Saturday, July 20, 2013

Frailty

"Faith is a knowledge within the heart, beyond the reach of proof," said Kahlil Gibran. St. Thomas Aquinas said, ""To one who has faith, no explanation is necessary. To one without faith, no explanation is possible." In Frailty (2001) our narrator says near the start, "Sometimes, truth defies reason."

Most of the time, faith is seen as a virtue. To have faith in someone or something means you can trust and rely upon them. The nature of faith implies that devoutness will be rewarded in some way. In Frailty, directed by first-time director Bill Paxton, faith is not seen as righteous value but a twisted obedience to something evil.

Frailty contains two narrative tracks. In the present, Fenton Meiks (Matthew McConaughey) tells FBI Agent Doyle (Powers Boothe) that his brother Adam is the Hand of God serial killer who has been terrorizing Texas. As Fenton takes Doyle to where he says Adam has buried the bodies, he tells Doyle about his childhood where one night in 1979, his widowed father (Bill Paxton) told his sons that God had chosen the Meiks family to fight the demons walking the earth. However, the demons are disguised as humans, and when dad begins dragging people hog-tied back to the family shed to butcher with an ax, Fenton realizes his father has gone crazy while Adam devoutly believes they're now a family of superheroes.

Recently, there's been controversy surrounding the decision of Rolling Stone magazine to publish on its front cover a picture of Dzhokhar Tsarnaev, the suspect in the Boston Marathon bombing. Some have argued that gave the suspected terrorist exactly what he wanted: attention and the rock-star treatment while being insensitive to the bombing victims. Others, including Slate magazine, have argued that while the image is shocking and exploitive, it also subverts our expectations of a terrorist. Not a "monster ... a brutish dolt with outward manifestations of evil. What we get instead, however, is the most alarming sight of all: a boy who looks like someone we might know," writes Mark Joseph Stern for Slate.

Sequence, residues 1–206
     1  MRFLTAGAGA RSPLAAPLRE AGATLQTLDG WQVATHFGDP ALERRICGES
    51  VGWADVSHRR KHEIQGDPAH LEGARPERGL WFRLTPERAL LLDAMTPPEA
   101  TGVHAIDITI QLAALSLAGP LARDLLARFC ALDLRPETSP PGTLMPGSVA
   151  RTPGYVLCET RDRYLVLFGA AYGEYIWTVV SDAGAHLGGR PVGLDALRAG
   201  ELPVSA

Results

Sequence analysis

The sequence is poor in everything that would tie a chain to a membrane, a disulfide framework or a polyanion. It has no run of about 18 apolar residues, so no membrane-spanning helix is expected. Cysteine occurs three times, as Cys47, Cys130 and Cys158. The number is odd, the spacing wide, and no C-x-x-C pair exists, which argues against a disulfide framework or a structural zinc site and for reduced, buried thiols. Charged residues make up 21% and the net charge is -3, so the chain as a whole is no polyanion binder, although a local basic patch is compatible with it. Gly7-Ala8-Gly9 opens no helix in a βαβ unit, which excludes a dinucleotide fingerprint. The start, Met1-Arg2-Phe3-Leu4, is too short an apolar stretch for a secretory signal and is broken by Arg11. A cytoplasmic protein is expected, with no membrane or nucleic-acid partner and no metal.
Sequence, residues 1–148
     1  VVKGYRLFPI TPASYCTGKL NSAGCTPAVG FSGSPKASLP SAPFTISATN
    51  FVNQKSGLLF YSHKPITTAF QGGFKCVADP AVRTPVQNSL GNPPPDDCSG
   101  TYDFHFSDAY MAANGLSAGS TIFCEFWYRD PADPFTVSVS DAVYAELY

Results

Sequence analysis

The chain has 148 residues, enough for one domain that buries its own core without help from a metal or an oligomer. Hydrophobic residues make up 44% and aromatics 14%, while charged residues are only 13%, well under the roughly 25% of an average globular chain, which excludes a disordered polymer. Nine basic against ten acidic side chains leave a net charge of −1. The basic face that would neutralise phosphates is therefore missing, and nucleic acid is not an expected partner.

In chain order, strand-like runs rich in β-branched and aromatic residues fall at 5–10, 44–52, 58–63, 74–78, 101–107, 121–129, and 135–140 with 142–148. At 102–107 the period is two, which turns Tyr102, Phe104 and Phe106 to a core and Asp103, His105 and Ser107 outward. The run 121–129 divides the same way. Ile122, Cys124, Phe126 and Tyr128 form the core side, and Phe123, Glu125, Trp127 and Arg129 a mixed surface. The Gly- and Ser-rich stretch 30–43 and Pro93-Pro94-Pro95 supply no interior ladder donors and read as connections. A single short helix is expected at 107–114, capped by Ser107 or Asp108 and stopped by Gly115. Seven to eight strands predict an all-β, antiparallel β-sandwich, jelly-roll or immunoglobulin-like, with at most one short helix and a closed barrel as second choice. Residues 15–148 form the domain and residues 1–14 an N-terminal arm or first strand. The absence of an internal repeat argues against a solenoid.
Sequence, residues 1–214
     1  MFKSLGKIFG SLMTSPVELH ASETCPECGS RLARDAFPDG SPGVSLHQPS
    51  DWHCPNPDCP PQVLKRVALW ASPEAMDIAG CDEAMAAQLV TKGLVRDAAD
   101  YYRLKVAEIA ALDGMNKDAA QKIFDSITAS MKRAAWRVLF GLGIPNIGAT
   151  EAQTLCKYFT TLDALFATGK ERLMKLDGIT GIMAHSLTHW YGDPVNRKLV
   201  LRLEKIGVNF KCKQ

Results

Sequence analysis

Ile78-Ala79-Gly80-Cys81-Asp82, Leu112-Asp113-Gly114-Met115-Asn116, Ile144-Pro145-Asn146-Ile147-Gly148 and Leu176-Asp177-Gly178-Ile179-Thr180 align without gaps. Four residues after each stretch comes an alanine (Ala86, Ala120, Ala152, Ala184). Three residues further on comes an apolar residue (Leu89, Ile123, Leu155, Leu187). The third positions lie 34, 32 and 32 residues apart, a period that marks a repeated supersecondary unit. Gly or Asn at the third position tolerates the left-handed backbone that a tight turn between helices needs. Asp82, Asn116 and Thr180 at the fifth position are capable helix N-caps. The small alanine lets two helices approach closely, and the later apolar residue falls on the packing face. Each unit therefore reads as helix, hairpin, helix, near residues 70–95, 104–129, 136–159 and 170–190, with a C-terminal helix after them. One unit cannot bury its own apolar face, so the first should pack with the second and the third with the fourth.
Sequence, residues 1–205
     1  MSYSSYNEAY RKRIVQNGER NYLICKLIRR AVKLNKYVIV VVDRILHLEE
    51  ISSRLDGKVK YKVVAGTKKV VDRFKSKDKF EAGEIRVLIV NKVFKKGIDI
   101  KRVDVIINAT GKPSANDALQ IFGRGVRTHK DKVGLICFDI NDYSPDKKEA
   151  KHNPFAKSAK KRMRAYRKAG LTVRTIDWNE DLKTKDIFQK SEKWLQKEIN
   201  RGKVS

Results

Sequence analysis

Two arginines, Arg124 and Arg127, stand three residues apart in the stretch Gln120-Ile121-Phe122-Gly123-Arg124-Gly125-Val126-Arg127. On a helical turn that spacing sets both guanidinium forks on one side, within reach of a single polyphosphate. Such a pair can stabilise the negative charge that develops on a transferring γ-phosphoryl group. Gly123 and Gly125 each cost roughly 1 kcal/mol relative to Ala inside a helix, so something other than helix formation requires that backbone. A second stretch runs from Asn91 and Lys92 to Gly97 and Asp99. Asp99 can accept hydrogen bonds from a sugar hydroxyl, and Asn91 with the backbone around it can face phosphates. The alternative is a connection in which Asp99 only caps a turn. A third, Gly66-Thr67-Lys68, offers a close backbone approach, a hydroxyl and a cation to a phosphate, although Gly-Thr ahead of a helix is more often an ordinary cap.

We can argue all day whether Rolling Stone was right or wrong in its judgment, but in Frailty, a similar approach, albeit in a fictional thriller setting, proves to be effectively unsettling. As played by Paxton, Mr. Meiks is not a fire-and-brimstone, raving caricature who condemns the unrighteous nor is he a sadistic monster who gets off on all the killing. He's presented as a genuine, loving, even sweet family man who believes to the core of his being in what he's doing, and yet what he does is horrific. To compound it, he encourages (or as Fenton says "brainwashes") his sons into doing likewise, and that legacy impacts the boys well into their adult years. Faith in one's actions not only can convince you to commit evil but to also get others to do likewise.

The violence in Frailty is brutal but not explicit. Much of it occurs just out-of-frame and is implied, so there's little splatter. The only blood I recall seeing is in the form of stains of clothing and hands. The murders themselves are hard to watch. Demon or not, the people Mr. Meiks has kidnapped and tied up stare up in wide-eyed terror, their mouths taped shut and their arms and legs, and all they can do is watch as the blade comes down. Another disturbing sequence occurs when the father locks Fenton in a dark cellar for days on end and only allows him one cup of water a day in an effort to get his son to find the faith. He loves his son, but his faith turns this loving father into a child abuser and a murderer.

That's the other element of the movie that keeps it from being just a freak show about a family of violent weirdos; they are first and foremost a family, and as they go about their gruesome deeds, we watch that bond disintegrate. The father's mission turns one son against hi and turns the other into a fanatic. The only time Dad refuses to act on a message from above is when he says he's been told that Fenton is demon, and rather than kill his boy, he tries to get him to see the light. Meanwhile, Adam gets slightly jealous Dad devotes time to the disobedient son. From a theological standpoint, it's almost a modern spin on the story of Abraham and Isaac with an allusion to the Prodigal Son.

Performances are good throughout, especially by Paxton. Paxton has played a lot of asshole characters (Hudson in Aliens, the car salesman in True Lies), but he convinces as a loving man with a terrible burden. McConaughey is appropriately mysterious; you know he's got a few secrets. Special props to the kids playing the young Fenton and Adam; they acquit themselves nicely.

For a first-time director, Paxton does a pretty good job. The narrative is balanced well between the two time periods, and it's simple enough to keep track of, and the plot contains a couple of twists and surprises along the way; let's just say our narrator is probably not 100 percent reliable. We witness some visions of angels and whatnot, but except for one instance, it's ambiguous enough that we're not sure if we're seeing genuine messages from God or hallucinations. What's chilling is the certainty with which the devout believe.

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